In 2012, Shalini Nautiyal started Coffee Mug Ideas, a disruptive space that she hoped would generate the kind of ideas that solve unique problems for those living in urban cities. With 8 years of experience in the tech industry, Nautiyal picked up the critical skills she needed to start her own business. A first generation entrepreneur in her family, she left her job at Infosys in 2012, and there’s never been a dull moment since.
Over a cup of coffee, Nautiyal says, ‘We were thinking where else we can go after this, but were clueless. That is when I felt the need for a product that not only helps stitch plans by bringing nearby businesses together, but also recommends activities as per taste of the user.
‘Today to plan a day in city you have to browse multiple websites, there is tons of information available online, and the task to make sense out of it is totally left on the user. That is where we thought of filling the gap by reducing the clutter online.’
This is essentially the short story of Yipeedo’s conception. Nautiyal wanted her newest venture to reflect the fun, excitement and joy of planning your day.
‘We wanted a name that is catchy and resonates fun,’ adds Nautiyal, ‘that’s how the name Yipeedo was picked.’
With a full-time engineering team of 3 members, 2 freelance designers and currently 1 intern, Nautiyal is on the hunt for a technical co-founder.
When asked what sums Yipeedo, Nautiyal says, ‘Yipeedo is your friend in the city. A friend who can help with suggestions when planning a day out.’
At the moment, Yipeedo is just a web service, but Nautiyal is planning on unrolling the mobile app service soon. The idea is simple: there is a horde of information available online, whether it's cinema schedules, theatre programmes, restaurant reviews or club parties. Yet, they’re all in disparate sources. Yipeedo hopes to streamline your search queries on one platform.
Nautiyal says, ‘There is also a need to bring multiple transactions into one place for simplicity.
‘Users need to re-invent the wheel each time they decide to go online to plan their day. This needs to change.
‘Data of all sorts is available online, but converting that into information is left to the user.
‘Yipeedo takes a few fuzzy inputs from its customers and builds plans across the city. Users can view various options to choose from, and can complete transactions like booking movies, restaurant tables or order food from the same platform.’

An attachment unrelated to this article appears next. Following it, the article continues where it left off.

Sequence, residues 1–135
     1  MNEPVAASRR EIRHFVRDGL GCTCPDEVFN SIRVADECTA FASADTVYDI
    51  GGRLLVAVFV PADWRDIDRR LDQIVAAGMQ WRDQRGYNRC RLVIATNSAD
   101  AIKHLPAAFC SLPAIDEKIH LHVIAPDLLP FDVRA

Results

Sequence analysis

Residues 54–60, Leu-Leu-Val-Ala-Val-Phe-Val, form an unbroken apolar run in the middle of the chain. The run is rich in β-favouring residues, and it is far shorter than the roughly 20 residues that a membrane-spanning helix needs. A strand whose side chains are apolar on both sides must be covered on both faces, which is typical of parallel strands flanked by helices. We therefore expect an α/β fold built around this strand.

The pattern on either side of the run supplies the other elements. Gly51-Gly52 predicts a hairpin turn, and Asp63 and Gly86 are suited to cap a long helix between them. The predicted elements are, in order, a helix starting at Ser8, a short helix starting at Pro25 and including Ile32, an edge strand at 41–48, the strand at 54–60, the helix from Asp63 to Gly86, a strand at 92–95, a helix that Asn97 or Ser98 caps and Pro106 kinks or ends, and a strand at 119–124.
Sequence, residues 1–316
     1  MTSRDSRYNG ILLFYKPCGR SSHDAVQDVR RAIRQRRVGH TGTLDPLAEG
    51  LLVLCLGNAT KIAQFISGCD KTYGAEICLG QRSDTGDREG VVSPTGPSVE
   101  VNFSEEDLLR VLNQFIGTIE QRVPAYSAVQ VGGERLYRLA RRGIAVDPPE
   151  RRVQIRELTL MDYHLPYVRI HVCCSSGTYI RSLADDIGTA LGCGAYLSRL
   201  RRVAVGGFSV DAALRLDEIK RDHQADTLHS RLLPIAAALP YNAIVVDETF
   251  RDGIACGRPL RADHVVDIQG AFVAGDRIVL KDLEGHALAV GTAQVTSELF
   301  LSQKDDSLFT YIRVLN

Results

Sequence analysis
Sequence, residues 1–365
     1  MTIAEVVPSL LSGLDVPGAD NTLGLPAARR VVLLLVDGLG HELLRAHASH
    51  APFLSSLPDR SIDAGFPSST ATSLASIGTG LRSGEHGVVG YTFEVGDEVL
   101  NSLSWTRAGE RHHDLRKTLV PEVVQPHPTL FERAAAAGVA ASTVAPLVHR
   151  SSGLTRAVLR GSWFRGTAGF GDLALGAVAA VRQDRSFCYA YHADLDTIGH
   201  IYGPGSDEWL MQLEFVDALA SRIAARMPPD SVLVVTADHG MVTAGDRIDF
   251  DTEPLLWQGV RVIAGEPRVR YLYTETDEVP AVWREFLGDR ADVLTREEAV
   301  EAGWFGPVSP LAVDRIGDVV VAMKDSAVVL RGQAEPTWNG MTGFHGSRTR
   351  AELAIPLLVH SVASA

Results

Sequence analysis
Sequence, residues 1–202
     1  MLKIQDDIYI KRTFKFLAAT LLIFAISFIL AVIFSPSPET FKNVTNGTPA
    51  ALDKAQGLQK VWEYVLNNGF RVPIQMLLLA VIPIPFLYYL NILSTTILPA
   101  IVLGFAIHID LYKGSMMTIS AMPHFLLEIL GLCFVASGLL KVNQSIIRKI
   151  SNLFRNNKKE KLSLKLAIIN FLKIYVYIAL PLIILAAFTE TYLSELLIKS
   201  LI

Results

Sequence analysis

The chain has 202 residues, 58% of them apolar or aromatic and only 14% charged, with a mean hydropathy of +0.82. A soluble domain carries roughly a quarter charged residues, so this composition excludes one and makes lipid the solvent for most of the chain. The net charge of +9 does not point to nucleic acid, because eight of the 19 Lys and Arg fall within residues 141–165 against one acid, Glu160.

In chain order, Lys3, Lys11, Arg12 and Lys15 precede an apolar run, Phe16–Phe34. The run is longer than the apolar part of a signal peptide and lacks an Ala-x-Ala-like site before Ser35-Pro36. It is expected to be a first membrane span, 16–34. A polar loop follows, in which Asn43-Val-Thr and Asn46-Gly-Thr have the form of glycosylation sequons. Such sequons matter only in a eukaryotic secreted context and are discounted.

Yipeedo is ambitious, but it’s also a necessity, at this point. Whilst its options to expand into various other areas of entertainment are numerous, it’s primary focus is the traditional food and entertainment industry. The organised restaurant segment in itself is worth 10,500 crores, still growing at a 16% rate, and is expected to double by 2017, a year not too far in the future.
‘Our target customers are people of age group 22-35 living in urban centers of India and globally. This segment loves going out for experience and discovery,’ says Nautiyal.
Yipeedo is lucky in that there are no strong direct competitors to challenge them in this market. It profiles a user's social presence on networking sites like Facebook, and compiles information tailored to suit the user's needs. As more information is generated, search recommendations and planning becomes more and more personalised.
‘The space of recommendations for activities and things to do in or around city is just evolving, there are many players with each one having their own take and flavour.
‘Our competitive advantage is the fact that we are focused on in-city activities and have included personalization at the core of the product.’
Like most consumer internet startups, Yipeedo currently relies on ad revenue generated on its website. Besides ad revenue, Yipeedo shares revenue with movie ticket bookings and food orienting/table booking, hoping to break into more revenue streams. Right now, Yipeedo is bootstrapped, friends and family investing into the product.
Says Nautiyal, ‘Yipeedo went live in February 2014, and we’re seeing very encouraging trends from people visiting and registering from various other cities outside of Bangalore as well. We have 33% returning customers, crossing 18k page views. In the last month we grew twice in terms of unique visits and registered users.’
After the challenges of convincing family, leaving a comfortable job, Yipeedo greatest task came with driving partnerships for data, especially when you’re convincing people Yipeedo is based on collaboration not competition. But, like all startup stories, there are regrets. Nautiyal says, ‘I regret the fact that I was not as bold enough to risk my job and career and start on my own earlier. I had a few ideas very similar to successful businesses today which I didn’t execute then as I never took it very seriously.’
Looking for angel investors, Nautiyal says she’s passionate about the development of women entrepreneurs, constantly trying to look for ways to share information and awareness with fellow women in business.
With a small start in a big city, Yipeedo has a city of millions to map, so users can finally use a one-stop destination for all their city plans.
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